Kamailio: shared memory hashtable

Using shared memory in Kamailio is fundamental and sometimes inevitable. Luckily, Kamailio’s core abstract us from A LOT of the complexity behind this kind of memory management and help us build a ready to use in-memory hash table in no time!

First of all, you need to include the str_hash header file but it is probably implicitly included by some other mandatory header files.

For this example, I’ll store the hashtable’s (HT from now on) address inside a global variable visible from the entire module. Being that the case, I need to create it as follows:

Later, I have to allocate some memory for the variable and there’s no better place for that than the module’s mod_init() function. Having allocated memory, I need to perform another allocation. This time is for the internal str_hash_table structure that contains the metadata for maintaining our information accessible. Usually, the function in charge of this task is str_hash_alloc() but looking its internals, we will find that it uses pkg_malloc() which certainly won’t work for us. Due this situation, I created an equivalent function for shared memory, mostly because Kamailio’s core doesn’t provide this functionality, or at least, I wasn’t able to find it.

Then, I need to define the structure that will be contained into the shared memory.

Storing and retrieving

In this example, I will store the call ID as the key of the HT’s entry and in the useful part, the call’s start and end timestamp.

First, I created a function that encapsulates all the logic for allocating a new call into shared memory. Please notice that having a HT storing your data, it doesn’t implicitly allocate your information in shared memory address space, this is, you have to allocate your structure using shm_malloc() before adding it to the HT.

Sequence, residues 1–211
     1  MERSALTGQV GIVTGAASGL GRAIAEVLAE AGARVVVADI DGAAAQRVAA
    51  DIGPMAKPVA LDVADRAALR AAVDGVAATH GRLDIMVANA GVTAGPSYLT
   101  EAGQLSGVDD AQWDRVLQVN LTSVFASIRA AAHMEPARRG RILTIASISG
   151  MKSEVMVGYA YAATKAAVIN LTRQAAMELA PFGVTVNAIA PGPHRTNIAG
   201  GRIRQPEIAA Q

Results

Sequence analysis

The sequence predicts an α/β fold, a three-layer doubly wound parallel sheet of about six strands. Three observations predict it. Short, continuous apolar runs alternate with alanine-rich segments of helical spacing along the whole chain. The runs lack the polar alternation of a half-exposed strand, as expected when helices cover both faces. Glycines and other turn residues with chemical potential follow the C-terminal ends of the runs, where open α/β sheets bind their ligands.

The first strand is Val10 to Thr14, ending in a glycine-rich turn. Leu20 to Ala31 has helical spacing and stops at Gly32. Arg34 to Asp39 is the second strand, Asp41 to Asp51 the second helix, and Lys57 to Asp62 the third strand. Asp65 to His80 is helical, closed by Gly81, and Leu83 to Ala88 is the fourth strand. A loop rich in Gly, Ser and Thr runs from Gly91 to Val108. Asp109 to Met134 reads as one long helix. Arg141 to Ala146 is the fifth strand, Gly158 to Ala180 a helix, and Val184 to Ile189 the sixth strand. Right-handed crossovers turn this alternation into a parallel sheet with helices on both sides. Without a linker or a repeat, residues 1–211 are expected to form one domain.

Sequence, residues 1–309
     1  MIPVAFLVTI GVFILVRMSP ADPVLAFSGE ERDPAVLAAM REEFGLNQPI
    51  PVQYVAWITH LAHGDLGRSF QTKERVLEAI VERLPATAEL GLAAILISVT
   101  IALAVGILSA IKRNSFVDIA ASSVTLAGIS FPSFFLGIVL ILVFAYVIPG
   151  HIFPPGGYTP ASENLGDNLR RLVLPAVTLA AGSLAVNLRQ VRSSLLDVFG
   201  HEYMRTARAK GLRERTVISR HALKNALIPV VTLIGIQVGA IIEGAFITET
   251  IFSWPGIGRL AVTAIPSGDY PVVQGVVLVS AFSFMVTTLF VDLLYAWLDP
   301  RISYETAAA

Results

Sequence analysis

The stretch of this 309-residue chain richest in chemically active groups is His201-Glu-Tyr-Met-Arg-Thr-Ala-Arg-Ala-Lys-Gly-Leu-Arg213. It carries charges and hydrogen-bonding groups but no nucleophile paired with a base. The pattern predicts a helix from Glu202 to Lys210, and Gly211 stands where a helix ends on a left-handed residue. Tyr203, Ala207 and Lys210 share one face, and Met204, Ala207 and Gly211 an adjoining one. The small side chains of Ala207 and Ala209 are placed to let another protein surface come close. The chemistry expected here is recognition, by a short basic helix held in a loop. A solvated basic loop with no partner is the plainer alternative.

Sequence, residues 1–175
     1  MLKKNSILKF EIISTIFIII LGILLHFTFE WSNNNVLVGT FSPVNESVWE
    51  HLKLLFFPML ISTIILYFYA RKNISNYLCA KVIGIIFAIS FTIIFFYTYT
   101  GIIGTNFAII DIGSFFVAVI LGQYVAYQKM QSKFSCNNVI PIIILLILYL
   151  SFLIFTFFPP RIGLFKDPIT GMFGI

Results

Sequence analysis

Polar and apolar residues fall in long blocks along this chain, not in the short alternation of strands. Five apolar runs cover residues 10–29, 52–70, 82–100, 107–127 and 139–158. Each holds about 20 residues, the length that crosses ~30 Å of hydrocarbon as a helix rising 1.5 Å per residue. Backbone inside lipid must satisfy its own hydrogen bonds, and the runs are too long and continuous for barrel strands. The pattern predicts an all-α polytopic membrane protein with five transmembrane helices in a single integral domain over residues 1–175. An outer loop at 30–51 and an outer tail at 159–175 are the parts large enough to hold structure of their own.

Every entry in the HT is represented by str_hash_entry which is a linked-list ready structure that contains the key and the data part as an union. Take in consideration that an union is NOT an structure and its fields retain only one value at a time. Whatever modification you make to any field it will immediately affect to the others.

Finally we need a function callable from the script. In this case start_monitoring does this for us and it must be registered as an exported command.


To finish this little tutorial, I present the stop_monitoring which tries to retrieve the entry using the callid of the call. In case it was found, it writes the current timestamp to the field end_timestamp.

PS: I am aware that I never deallocated the memory I used. I may write the dealloc function for the next entry 😀

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